Radar images are just snapshots in time

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As I prepared for work this morning, I glanced at the radar and saw a number of signs in a single image that let me know I could be in for a rough commute. The screen, a snapshot of which is to the right, showed that a gust front had just passed my part of North Raleigh, a heavy rain shower was moving toward my house, and a large area of rain was heading into the Triangle.

radar image

A screenshot of the radar image at 6:19 A.M. on Tuesday, March 28, 2017.

I set my phone with its radar app back down and rushed to get out the door before that heavy rainshower hit, but it never did. The shower dissapated, or rained itself out, before it made it to my neighborhood. The large blob of rain behind it developed holes and weakened into lighter showers. The next time I looked at the radar, about 20 minutes after the first, I saw a very different situation. That’s how it goes with the radar.

Any time someone asks me if it’s raining, I follow my answer with the obligatory “right now,” because a radar image is just a snapshot in time. Just like any photograph, it shows the situation at that moment whether that be rain, hail, high winds, rotating winds, or nothing at all.

Doppler radars take four to six minutes to complete a full scan, so the image takes four to six minutes to update. A lot can happen between updates. Tornadoes can form, hail can fall, rain can begin, snow can end, etc. What you see at that moment is what the radar saw in the last sweep.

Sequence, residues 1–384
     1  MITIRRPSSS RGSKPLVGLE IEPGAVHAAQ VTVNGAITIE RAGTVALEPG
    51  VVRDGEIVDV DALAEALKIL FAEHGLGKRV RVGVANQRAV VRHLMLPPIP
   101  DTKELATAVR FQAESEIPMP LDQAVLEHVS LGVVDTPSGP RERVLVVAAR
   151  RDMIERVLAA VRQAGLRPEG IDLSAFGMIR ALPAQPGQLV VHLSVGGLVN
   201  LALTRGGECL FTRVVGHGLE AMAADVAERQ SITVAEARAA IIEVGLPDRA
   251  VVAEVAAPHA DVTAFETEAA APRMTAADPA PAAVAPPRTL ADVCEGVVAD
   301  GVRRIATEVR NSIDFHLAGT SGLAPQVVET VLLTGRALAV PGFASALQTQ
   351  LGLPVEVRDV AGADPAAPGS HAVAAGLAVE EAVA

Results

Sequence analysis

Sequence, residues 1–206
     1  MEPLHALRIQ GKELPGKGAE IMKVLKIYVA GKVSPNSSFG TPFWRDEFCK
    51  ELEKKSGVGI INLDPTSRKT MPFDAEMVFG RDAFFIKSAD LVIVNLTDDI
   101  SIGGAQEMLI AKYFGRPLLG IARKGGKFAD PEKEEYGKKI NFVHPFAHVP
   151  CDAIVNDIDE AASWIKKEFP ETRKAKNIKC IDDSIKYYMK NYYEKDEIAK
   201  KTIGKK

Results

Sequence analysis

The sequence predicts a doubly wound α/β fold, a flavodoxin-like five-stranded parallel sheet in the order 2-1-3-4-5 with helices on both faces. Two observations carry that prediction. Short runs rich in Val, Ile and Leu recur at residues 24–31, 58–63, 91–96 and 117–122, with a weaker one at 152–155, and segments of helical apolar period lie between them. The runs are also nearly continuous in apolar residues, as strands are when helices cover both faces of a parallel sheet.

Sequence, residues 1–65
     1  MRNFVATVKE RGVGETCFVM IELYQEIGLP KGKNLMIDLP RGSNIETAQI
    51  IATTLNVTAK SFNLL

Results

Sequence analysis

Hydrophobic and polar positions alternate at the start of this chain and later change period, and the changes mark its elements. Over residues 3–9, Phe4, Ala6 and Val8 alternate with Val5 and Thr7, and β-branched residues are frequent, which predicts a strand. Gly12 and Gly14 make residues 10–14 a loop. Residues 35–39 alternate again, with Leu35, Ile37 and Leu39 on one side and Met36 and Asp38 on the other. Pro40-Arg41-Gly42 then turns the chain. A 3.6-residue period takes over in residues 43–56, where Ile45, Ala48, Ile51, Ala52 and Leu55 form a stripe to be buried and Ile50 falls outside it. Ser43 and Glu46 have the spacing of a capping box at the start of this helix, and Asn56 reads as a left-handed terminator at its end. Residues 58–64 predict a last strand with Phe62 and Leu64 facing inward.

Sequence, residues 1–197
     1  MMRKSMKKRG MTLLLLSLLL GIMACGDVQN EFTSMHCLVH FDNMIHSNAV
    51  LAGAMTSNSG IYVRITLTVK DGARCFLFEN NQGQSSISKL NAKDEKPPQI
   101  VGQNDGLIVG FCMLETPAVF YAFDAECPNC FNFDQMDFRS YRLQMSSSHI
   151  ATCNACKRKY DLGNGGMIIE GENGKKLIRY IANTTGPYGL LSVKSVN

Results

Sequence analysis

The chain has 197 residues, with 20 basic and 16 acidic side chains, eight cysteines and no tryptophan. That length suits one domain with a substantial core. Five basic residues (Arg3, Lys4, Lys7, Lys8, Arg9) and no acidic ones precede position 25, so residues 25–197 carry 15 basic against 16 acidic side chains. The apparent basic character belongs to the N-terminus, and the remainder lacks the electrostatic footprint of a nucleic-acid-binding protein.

Radar is a tool for nowcasting and very short-term forecasting at best — a highly important and effective tool. Without radar, we would be utterly dependent upon people on the ground reporting tornadoes, and by the time those reports were disseminated and the public was alerted, the damage would already be done. It wasn’t long ago when that was the case –merely decades.

With Doppler radar, we can see velocity signatures that indicate rotation in storms before a funnel even develops. Our warning time for most storms has greatly improved, and tornado warnings for long-lived, slow-moving storms may even be 45 minutes to an hour in advance of the storm’s arrival at a point on the map. That’s pretty impressive when you think about it!

What about those moments when storms are forming faster than the radar can keep up? Those are the times when it is extremely important to take it upon yourself to pay attention to weather watches and warnings and to look at the sky. Your own eyes on the horizon are invaluable to your safety. If you see a rotating wall cloud, green clouds, lightning, or the effects of strong winds, don’t wait for a warning to be issued. Take shelter.

A rotating wall cloud is a lowering of the cloud base that is rotating around a vertical axis, and it is a sign that a storm could produce a tornado at any moment. Greenish-tinted clouds tend to signal that there could be hail or very large raindrops inside. Lightning is a danger if thunder is close enough to be heard. Strong winds can kick up debris and do as much damage as a weak tornado. All of these things could develop quickly, and being weather aware could be the one thing that saves your life. It sounds rather dramatic, but it’s true.

As we head into one of our busiest storm seasons of the year, practice safe weather watching. Watch the radar and look at the sky to stay truly weather aware.